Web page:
1. Recognition, naming and forming the letters of the alphabet are all necessary skills to be attained before a child can write or read successfully.
2. Reading is primarily a thinking process, activated by visual symbols.
Development of reading readiness skills includes:
1. Vision development
2. Gross difference discrimination – Differences that are immediately obvious in like items.
3. Recognition of similarities – Objects, people, and events that appear alike in size, shape, color, location, and function.
4. Picture recognition and interpretation: This extends the child’s ability to associate meaning with visual stimuli.
5. Sequencing of ideas: Putting events or the action part of a story in order. The order of occurrence in a personal experience can then be related.
6. Reading is built on previous experiences and language skills the child already has and uses.
7. Story time: Experiences with literature during early childhood are first steps in formulating later attitudes and interest in learning to read.
Researchers agree that manuscript writing is the best form for beginning writing. Two basic strokes form capital and lower case letters and numbers: a straight line and a circle.
1. Teaching manuscript to young children includes:
2. Large muscles in the arm and small muscles in the hand must be developed through manipulative activities: use of pencils, crayons, or brushes in many expressive ways.
3. The use of bold accurate letter forms.
4. Activities that develop eye-hand coordination: puzzles, lacing, stringing, stacking, zippering, snapping, and pounding.
Activities for muscle development and eye-hand coordination used to develop the vocabulary necessary for manuscript writing.
Number concepts and math activities include:
1. Birth dates, time, and quantity are all beginning math concepts.
2. Number conservation and numerical symbols are recognized and experienced.
3. The child’s awareness of age as well as practicing with blocks and sizes of various sizes.
4. Just as in alphabet teaching, number symbols are named and formed with imagery using numerous manipulative and games.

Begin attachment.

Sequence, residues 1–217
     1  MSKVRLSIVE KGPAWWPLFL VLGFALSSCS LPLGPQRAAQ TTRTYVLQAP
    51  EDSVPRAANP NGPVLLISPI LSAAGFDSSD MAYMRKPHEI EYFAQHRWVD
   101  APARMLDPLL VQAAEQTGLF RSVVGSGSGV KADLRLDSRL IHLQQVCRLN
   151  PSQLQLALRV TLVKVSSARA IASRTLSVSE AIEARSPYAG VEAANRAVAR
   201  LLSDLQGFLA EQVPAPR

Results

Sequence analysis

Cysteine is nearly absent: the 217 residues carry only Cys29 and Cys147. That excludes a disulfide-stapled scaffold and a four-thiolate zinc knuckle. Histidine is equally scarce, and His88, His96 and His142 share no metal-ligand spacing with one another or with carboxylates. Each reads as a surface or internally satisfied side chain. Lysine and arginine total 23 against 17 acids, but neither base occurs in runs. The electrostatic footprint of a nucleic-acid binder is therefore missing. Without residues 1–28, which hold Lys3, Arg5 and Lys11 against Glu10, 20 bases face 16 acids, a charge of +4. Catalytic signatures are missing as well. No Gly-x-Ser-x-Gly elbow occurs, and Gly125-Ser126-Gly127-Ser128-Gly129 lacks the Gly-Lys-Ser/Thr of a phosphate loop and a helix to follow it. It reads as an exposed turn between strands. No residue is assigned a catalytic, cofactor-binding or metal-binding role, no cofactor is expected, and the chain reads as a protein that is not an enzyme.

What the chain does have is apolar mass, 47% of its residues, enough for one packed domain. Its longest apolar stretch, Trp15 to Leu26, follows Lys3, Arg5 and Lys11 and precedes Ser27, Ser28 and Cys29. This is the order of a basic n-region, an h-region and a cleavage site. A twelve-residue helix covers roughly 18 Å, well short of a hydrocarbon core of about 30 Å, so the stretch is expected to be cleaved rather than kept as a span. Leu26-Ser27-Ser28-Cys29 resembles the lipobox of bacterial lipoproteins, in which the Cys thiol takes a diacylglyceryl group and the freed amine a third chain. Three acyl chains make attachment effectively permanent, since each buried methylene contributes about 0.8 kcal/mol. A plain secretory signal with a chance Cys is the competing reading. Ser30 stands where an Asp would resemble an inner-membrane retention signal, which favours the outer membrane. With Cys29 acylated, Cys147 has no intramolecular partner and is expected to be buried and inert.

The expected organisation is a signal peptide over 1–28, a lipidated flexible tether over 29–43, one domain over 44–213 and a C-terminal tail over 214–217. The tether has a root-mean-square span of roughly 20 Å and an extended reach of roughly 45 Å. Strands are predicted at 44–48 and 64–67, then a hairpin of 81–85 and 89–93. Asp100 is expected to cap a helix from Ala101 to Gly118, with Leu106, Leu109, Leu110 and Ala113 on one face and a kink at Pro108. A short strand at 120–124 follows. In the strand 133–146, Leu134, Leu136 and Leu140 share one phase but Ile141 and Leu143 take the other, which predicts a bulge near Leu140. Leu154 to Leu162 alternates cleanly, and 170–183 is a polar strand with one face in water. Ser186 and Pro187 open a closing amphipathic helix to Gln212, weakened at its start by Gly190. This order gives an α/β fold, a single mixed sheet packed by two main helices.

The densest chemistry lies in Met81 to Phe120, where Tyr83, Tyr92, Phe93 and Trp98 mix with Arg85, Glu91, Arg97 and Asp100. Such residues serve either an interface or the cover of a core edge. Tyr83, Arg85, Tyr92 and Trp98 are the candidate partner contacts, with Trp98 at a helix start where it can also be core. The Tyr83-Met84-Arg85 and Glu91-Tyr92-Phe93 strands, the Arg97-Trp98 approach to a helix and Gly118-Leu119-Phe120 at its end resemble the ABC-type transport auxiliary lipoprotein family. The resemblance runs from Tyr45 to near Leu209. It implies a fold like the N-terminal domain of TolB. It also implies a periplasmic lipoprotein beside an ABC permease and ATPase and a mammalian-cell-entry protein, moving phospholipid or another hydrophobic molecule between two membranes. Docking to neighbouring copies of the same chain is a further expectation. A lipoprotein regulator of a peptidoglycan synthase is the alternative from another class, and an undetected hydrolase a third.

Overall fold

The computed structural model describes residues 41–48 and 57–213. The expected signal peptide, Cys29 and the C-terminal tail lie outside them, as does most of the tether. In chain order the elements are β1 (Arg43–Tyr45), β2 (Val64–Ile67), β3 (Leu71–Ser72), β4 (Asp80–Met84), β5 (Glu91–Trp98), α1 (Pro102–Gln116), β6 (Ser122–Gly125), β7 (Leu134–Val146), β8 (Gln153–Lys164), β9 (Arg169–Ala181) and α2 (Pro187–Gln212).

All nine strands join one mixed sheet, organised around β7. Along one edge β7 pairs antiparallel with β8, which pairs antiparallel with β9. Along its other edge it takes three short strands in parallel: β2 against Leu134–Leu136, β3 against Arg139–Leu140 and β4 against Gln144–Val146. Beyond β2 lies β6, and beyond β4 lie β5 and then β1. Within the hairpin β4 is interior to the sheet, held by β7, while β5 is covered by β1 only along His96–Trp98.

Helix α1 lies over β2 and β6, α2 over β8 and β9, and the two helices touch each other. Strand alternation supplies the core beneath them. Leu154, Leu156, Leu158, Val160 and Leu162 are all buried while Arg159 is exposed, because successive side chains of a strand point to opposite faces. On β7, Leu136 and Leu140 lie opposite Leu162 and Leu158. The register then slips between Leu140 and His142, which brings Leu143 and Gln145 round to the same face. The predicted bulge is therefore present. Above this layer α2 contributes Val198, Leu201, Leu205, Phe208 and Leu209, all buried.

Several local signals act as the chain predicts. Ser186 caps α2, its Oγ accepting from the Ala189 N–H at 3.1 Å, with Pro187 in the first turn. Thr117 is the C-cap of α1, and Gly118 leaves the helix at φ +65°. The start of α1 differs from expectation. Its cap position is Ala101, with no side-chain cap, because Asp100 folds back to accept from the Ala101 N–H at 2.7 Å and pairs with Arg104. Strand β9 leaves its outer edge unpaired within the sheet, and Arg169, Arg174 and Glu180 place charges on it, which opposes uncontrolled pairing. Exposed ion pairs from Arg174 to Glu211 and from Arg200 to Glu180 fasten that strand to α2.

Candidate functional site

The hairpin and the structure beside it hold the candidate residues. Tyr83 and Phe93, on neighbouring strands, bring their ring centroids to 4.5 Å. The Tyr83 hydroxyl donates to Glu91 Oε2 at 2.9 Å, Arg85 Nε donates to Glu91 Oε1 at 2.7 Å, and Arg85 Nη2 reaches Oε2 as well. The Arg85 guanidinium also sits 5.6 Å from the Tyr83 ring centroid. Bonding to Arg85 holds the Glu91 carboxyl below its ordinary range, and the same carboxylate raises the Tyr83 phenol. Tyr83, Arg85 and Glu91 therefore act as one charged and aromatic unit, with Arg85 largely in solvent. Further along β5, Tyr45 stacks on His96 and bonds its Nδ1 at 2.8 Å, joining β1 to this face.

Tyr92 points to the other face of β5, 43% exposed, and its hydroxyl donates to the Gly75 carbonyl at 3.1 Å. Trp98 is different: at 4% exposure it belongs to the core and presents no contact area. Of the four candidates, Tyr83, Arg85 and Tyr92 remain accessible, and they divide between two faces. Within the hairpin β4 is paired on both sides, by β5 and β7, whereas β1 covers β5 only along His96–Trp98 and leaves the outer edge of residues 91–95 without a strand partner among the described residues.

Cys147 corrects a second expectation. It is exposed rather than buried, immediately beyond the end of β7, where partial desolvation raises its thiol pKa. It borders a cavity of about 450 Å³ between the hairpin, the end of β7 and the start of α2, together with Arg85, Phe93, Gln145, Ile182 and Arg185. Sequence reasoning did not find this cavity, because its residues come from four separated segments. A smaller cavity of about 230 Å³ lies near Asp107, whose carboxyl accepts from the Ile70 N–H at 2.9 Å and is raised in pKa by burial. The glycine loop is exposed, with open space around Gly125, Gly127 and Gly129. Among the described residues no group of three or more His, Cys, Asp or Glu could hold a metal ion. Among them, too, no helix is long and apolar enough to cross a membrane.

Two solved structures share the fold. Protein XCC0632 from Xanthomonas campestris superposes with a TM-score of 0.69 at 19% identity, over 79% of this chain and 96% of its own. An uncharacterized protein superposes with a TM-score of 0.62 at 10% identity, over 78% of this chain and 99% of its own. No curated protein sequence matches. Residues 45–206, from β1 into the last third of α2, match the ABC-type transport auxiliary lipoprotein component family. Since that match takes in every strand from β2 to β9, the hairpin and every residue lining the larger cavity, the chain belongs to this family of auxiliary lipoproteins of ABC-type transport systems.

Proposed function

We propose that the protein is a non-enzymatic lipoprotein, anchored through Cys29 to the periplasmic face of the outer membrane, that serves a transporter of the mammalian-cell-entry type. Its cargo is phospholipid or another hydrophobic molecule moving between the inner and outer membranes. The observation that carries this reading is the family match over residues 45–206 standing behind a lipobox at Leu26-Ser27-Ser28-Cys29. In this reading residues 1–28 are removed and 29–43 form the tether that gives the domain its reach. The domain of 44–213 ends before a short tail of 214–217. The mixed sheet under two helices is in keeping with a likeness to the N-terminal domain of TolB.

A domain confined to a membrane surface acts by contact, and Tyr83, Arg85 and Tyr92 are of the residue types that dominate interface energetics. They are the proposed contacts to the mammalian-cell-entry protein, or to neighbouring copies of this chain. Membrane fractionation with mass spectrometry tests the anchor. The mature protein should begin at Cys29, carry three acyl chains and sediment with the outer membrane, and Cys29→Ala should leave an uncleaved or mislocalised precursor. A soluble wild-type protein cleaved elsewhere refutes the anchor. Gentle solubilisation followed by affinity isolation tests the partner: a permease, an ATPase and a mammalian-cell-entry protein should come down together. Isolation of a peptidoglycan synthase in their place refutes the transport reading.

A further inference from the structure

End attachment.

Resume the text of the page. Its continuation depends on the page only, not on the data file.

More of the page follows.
View or download the curriculum we teach:
Preschool 2 Curriculum [.pdf]
Preschool 3 Curriculum [.pdf]
Preschool 4 Curriculum [.pdf]
Policies and Guidelines
We strive to model Christian behavior in our actions and attitudes. We guide the children toward positive behavior with praise, love, and hugs. It is our desire that our students become more self-disciplined and develop respect for one another. Students will be taught that God made each one of us special and unique. Positive character traits will also be taught.
Arcadia Christian Preschool Rules
Take good care of your friends
Take good care of yourself
Take good care of the school
The first step in our discipline process is to talk to the child about why his/her behavior is unacceptable and to redirect the child.
If the behavior continues after the warning, the child may be asked to move to another area in the room.
If the behavior still continues, the child will sit out during center or recess time for 3-5 minutes (depending on the child’s age). If necessary, the child will need to hold a teacher’s hand during part of recess.
In cases of exceptionally-inappropriate behavior, such as notable disrespect or physical harm of another child, the child will be sent to the director, and parents will be notified.
Biting is an example of unacceptable behavior. For the safety of the other children, if a child continues to bite, more than three times, he/she may be asked to leave the school. Severe discipline problems will require a meeting with school administrators and parents.
Dress Code Guidelines
The following dress code guidelines for Arcadia Christian Preschool students should not be interpreted as a “Christian” dress standard. A spiritual value should not be attached to clothing and appearance.
Dress Code Guiding Principles:
Collared or non-collared shirts or blouses with short or long sleeves.
Dresses, skirts, shorts, and jeans are okay.
Girls should wear shorts under their dresses or skirts.
Collared or non-collared shirts, short or long sleeves, with shorts or pants. No superhero costumes.
Jeans or shorts may be worn.
Any style is acceptable.
Logos are okay for coats, sweaters, sweatshirts, but must be school-appropriate.
Practical, comfortable, walking/athletic shoes. Velcro is recommended.
No “heelies” or shoes with skate wheels.
All shoes must be closed-toed and must have back straps. No flip flops.
Water shoes may be required for water play days.
Girls may wear earrings, but not hoops or dangling earrings (safety issue).
Hair clips are okay, but realize that they are small and can easily be lost.
Bracelets, necklaces, and rings are best kept at home.
Hats are okay, but please be sure to write your child’s name on the inside.
All clothing must be:
Must be comfortable and okay to get messy.
Pants/shorts should not fit too tight – potty accidents are less likely to happen.
Belts can be difficult for little fingers to manage.
Your child should be free from obvious symptoms such as a cough and running nose before sending him/her to school.
While 98.6 degrees is normal, 97.6 to 99 degrees is considered within the normal range.
If your child has had a fever, California law requires that they must have a normal temperature for 24 hours before returning to school.
For example, if a child has a fever at 4:00 p.m. one day, he/she is not ready to return to school the next day regardless of his temperature the following morning.